What supposedly separates good from evil in terms of statehood is the belief in the rule of law. The idea that every human being is a deserving of a trial by his peers. Then and only then can a person’s guilt be confirmed and a fitting sentence be decided upon. This obstacle if you will is the difference between a legitimate justice system and one of a corrupt, malevolent nature.
In the aftermath of the death of Colonel Gaddafi, the circumstances are somewhat unclear. The initial reports suggested that he was executed by NTC soldiers. Now the story is somewhat confusing as a number of conflicting reports have emerged. One thing which is apparent, given the mobile phone footage which was shown on every news station last night is that for sometime at least he was dragged around the streets being struck by NTC soldiers. That alone suggests that the idea he was taken to hospital is at the very least, rather unlikely.
As always in such cases it’s almost impossible that the truth will ever be completely clear. As was the case with Bin Laden when he was shot dead, apparently unarmed and surrounded, the media will help us quickly forget any questions pertaining to the circumstances and move on. In the meantime we can enjoy soundbite after soundbite about how someone has got justice, or about how the chance of building a new Libya has only started now the tyrant is dead, from various leading white Western politicians. Despite the fact that now there is no chance of justice for the victims of Gaddafi’s regime.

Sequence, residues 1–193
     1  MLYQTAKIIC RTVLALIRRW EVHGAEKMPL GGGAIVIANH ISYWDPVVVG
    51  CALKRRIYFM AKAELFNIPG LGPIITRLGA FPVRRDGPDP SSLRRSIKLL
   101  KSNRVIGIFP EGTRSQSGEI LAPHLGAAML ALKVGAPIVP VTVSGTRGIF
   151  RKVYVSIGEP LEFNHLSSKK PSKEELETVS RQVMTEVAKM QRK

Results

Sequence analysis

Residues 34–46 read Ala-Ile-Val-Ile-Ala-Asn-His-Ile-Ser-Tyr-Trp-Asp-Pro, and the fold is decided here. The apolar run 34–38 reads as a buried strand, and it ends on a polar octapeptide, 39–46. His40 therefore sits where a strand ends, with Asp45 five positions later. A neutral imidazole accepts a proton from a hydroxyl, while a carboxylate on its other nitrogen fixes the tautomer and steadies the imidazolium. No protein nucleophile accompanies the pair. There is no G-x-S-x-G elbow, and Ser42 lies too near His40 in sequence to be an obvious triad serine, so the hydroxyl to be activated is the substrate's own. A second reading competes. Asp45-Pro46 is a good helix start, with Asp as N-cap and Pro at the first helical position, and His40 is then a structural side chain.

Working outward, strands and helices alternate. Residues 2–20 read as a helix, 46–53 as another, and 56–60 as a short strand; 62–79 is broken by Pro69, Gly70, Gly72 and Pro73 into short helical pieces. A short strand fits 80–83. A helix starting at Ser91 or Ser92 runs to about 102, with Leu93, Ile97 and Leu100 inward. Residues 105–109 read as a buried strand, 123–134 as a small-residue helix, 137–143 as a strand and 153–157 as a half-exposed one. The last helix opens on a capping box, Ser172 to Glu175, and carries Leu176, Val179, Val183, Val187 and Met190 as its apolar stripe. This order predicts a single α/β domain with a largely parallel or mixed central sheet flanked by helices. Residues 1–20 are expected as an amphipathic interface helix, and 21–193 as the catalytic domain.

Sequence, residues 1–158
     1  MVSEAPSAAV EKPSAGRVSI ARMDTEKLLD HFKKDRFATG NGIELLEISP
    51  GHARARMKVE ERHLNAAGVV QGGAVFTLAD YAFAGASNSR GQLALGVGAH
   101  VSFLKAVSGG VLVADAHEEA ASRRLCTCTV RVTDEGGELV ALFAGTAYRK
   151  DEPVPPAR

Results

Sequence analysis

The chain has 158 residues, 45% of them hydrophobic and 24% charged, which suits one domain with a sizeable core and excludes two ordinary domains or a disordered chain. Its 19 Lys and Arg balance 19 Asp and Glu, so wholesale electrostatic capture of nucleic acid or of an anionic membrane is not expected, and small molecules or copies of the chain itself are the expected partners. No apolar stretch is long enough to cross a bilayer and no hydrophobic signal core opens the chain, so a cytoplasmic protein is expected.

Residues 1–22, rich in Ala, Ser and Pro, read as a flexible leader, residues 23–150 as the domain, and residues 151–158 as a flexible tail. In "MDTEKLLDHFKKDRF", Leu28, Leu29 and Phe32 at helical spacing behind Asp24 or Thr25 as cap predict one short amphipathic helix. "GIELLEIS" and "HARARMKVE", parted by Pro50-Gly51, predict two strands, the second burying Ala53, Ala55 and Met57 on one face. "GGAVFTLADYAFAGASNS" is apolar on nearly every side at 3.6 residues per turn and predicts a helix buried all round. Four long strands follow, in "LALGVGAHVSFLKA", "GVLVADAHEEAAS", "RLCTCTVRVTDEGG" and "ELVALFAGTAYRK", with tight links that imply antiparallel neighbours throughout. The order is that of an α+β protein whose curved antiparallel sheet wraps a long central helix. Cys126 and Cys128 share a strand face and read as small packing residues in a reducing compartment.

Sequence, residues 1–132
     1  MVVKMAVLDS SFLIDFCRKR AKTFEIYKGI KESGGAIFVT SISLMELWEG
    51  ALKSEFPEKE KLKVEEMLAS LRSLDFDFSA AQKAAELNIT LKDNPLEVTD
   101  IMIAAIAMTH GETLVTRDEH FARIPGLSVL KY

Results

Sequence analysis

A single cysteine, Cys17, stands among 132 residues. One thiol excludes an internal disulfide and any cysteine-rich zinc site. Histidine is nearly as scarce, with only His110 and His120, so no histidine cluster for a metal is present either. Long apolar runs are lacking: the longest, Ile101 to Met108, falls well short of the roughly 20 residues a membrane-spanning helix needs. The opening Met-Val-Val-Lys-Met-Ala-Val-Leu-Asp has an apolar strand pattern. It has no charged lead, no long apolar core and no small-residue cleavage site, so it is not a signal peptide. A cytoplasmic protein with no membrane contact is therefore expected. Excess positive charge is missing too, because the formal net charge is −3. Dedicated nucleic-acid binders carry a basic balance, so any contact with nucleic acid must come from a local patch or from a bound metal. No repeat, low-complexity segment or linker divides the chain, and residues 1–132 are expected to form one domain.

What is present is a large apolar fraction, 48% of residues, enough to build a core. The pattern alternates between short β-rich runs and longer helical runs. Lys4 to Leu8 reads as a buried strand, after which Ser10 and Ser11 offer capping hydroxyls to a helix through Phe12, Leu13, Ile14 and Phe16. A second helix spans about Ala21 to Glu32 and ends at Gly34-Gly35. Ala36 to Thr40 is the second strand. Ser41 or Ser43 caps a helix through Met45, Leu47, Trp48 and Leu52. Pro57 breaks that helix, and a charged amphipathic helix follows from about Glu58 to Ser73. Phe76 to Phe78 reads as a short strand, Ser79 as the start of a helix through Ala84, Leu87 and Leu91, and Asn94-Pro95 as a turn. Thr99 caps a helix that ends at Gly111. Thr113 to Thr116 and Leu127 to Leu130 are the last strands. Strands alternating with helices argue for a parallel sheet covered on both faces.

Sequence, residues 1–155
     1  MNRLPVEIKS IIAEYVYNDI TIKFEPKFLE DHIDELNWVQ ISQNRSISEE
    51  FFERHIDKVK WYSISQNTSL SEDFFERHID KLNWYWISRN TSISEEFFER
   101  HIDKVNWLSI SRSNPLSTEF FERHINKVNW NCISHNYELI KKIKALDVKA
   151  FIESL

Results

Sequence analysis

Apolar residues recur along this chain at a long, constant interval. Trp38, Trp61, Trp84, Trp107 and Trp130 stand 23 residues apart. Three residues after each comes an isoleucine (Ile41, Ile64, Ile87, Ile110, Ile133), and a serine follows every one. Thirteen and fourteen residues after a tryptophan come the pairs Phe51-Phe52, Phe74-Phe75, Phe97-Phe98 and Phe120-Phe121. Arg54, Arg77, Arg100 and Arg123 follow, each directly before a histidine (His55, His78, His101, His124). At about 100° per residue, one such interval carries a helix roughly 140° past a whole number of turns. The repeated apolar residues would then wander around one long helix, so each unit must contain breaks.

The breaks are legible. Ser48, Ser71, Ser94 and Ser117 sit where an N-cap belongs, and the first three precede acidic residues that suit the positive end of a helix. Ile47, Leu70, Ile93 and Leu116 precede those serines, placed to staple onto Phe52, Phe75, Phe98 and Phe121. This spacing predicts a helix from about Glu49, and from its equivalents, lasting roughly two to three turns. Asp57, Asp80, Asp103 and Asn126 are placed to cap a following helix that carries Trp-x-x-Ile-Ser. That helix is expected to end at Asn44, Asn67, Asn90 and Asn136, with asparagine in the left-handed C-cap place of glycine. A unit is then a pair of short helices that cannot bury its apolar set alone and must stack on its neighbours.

One of the most fascinating aspects of the Gaddafi case is the number of Western Governments who are seemingly delighted to be rid of Colonel Gaddafi. British Prime Minister David Cameron was one of the first world leaders to speak of his pride in Britain’s part in bringing Gaddafi down. What he didn’t speak of was the 5 million pounds worth of armored personnel carriers and water cannons we sold to Libya in 2007. Or the tear gas we sold them in the summer of 2010. Or the sniper rifles we sold them after that.
When the dust settles in Libya, and the nation tries to reconcile itself with its difficult past there are going to be very few figures left alive who will be able to shed some light on the torrid secrets of the Gaddafi regime. There will be no figurehead. There will be no one to blame. The secrets will remain buried and the skeletons hidden in plain sight.